NILES — With only three items on the city council agenda, what should have been a short meeting turned long recently after many questions were raised by residents and council members themselves.
Before getting into legislation, members of the audience were given an opportunity to speak and one resident questioned how the prior residency hearing for 4th Ward Councilman Al Cantola would be paid. She was told the city would be footing the bill.
“How is that fair? How is that fair for the taxpayers to pay for that hearing?” she said.
First Ward Councilman Doug Sollitto explained because an accusation was made, the investigation needed to happen.
“With any investigation there is going to be a cost,” he said. “Hopefully things like that don’t happen often, but we are going to have things that citizens, as well as council, may think need to be investigated. So, you’re going to have to go forward and do those investigations.”
The resident then said whoever brought the charges and wanted the investigation should pay for themselves. Sollitto further explained while one councilperson brought forward the inquiry, council as a whole decided to proceed with the investigation. Councilman at-Large Ryan McNaughton first questioned the residency issue.
“If no one investigated or looked into the matter, it’s going to look like someone is covering it up or not doing their due diligence,” Sollitto said. “It is unfortunate it happens that way, but I don’t know of any other way that you could look into that situation with no cost involved at all.”
During the meeting, Cantola took the opportunity to address council and ask for a motion that his lawyer fees be paid for by the city.
“I would like to request someone in council to request my lawyer fees be paid also. I incurred probably the largest cost involved with my residency and (last Monday’s) meeting. Why is it fair that, after charges were dismissed, that I’m responsible for my lawyer fees when the city brought this upon me?” Cantola said.
He then said he was advised “multiple times” by the law director to seek legal counsel.
Council President Robert Marino Jr. then said before motions are made, the law director look into the legalities of doing so.
“From my perspective, no one at any point in four months did anyone ask me any questions,” Cantola said. “It was prolonged due to the investigation that you are paying for, that no results were found.”
Toward the end of the meeting, Cantola also presented council with a request to look into potential conflicts of interest as it relates to the annexation of land in Howland and Weathersfield townships, and various appointees to different city boards. Cantola noted three individuals — Jason Altobelli, Richard Hale and James Villecco, who are members of the Niles Community Improvement Corporation — could potentially have a conflict of interest as Cantola claims they own or purchased property in proposed annexation areas.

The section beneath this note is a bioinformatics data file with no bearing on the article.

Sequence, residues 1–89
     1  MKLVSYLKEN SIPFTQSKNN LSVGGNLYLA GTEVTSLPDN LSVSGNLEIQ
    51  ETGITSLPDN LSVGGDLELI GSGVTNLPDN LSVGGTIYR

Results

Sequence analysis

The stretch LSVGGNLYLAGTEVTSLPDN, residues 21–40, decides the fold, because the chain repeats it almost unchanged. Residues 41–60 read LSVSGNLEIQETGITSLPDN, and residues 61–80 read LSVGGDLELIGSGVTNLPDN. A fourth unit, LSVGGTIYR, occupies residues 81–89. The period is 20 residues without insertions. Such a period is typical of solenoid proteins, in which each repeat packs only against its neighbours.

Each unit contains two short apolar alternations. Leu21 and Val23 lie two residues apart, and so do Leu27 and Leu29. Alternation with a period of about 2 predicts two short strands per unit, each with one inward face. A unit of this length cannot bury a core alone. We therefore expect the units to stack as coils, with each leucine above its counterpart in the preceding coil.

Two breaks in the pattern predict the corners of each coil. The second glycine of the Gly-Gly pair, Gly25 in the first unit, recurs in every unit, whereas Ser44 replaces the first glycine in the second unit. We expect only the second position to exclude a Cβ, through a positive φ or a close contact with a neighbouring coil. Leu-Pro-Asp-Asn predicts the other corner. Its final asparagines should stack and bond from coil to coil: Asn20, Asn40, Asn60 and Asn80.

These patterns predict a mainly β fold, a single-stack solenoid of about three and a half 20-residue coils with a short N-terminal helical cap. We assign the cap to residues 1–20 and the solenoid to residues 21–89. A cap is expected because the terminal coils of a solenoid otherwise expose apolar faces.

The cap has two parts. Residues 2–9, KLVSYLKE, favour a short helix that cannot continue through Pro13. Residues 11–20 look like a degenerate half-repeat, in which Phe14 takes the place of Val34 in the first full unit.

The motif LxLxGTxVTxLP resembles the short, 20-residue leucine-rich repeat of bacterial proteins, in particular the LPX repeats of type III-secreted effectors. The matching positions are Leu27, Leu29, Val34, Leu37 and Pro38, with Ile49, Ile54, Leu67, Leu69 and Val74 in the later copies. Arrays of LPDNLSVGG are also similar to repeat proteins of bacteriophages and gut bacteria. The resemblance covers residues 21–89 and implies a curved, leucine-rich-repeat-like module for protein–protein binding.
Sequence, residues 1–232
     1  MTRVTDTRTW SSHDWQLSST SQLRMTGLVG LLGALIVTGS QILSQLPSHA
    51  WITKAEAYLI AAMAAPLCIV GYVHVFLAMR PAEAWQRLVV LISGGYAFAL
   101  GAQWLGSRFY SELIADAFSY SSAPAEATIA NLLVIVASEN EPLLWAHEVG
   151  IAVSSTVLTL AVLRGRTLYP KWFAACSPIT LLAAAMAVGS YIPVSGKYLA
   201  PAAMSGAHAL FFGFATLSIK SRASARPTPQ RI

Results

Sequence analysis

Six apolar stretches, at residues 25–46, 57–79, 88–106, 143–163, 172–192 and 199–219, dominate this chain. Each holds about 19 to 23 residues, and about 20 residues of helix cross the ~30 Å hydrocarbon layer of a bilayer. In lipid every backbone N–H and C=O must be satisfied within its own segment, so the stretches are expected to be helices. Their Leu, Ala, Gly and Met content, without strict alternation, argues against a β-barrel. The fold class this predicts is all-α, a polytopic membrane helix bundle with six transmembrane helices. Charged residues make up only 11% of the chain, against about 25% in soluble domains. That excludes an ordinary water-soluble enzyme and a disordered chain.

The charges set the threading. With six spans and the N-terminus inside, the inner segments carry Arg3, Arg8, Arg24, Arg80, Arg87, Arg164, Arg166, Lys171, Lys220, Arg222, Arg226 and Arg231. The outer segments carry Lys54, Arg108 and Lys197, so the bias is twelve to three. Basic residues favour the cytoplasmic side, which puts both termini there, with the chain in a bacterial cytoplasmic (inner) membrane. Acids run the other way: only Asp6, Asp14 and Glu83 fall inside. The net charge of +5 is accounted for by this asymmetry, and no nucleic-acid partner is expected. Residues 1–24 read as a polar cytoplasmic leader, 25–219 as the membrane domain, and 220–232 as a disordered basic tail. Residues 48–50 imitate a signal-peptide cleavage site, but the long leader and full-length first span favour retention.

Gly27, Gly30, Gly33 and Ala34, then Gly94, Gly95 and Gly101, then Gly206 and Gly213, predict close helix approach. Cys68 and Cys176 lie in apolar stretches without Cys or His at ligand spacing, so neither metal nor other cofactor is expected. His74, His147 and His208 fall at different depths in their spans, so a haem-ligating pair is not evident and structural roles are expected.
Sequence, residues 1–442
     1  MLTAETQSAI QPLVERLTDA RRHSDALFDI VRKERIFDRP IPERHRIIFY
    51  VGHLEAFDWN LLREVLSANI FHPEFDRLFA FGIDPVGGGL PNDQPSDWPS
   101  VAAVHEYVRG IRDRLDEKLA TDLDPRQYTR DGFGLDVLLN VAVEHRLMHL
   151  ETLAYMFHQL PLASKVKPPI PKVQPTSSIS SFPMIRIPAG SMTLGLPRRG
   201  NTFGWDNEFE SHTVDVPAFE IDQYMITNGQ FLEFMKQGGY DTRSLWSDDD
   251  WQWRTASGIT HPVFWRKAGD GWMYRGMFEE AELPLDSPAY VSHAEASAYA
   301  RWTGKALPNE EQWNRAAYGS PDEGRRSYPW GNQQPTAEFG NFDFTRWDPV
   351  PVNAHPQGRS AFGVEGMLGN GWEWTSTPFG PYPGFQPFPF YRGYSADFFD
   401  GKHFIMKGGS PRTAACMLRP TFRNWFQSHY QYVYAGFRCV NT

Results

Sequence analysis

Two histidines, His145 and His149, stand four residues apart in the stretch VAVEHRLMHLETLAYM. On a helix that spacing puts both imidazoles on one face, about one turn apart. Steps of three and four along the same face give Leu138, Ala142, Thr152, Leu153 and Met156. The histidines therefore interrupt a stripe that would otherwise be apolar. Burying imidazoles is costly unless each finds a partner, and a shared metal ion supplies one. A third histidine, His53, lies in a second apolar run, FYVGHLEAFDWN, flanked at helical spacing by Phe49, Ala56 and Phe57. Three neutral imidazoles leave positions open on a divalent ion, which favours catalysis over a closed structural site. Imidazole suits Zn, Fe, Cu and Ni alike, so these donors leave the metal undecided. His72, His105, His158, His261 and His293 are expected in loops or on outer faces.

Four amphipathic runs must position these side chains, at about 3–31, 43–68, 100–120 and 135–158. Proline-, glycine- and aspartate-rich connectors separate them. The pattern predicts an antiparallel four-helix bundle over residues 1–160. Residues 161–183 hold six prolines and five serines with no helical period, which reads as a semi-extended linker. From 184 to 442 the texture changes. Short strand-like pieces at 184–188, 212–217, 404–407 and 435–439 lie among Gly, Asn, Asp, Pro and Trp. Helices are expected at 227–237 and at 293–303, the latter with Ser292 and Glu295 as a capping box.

The inquiry includes eight different documents detailing various properties those three have purchased.
“It is my view that the city should give careful consideration when it comes to conflict of interest and our appointed board members having potential financial interest in city activities,” Cantola wrote in the inquiry.
He added, after reading the inquiry letter, he wants council, the mayor and law director to look over the documents and make a decision moving forward.
Marino then said he wants the law director to turn over this information to the Ohio Attorney General’s office for its guidance in the matter. He also asked no one on council speak about the inquiry until the attorney general provides direction.
One of the agenda items presented at the meeting was for council to authorize the sale of 20 Christmas snowflakes and 20 wreaths that were deemed no longer suitable or needed for the city through internet auction on GovDeals.com.
In the caucus meeting, Mayor Steve Mientkiewicz said about 10 people have called asking about purchasing the decorations themselves. He also added the reason for getting rid of them is because they are around 10 years old.
Another member of the audience took time to question why citizens couldn’t just buy the decorations themselves. Mientkiewicz explained per Ohio Revised Code, any disposal of city-owned, obsolete items has to go to auction.
“Each year we designate GovDeals.com as our auction agency to dispose of city owned items or equipment,” he said. “If someone said they want to buy a wreath for $10, I do not have the authority to sell them a wreath. It has to go through the proper channels.”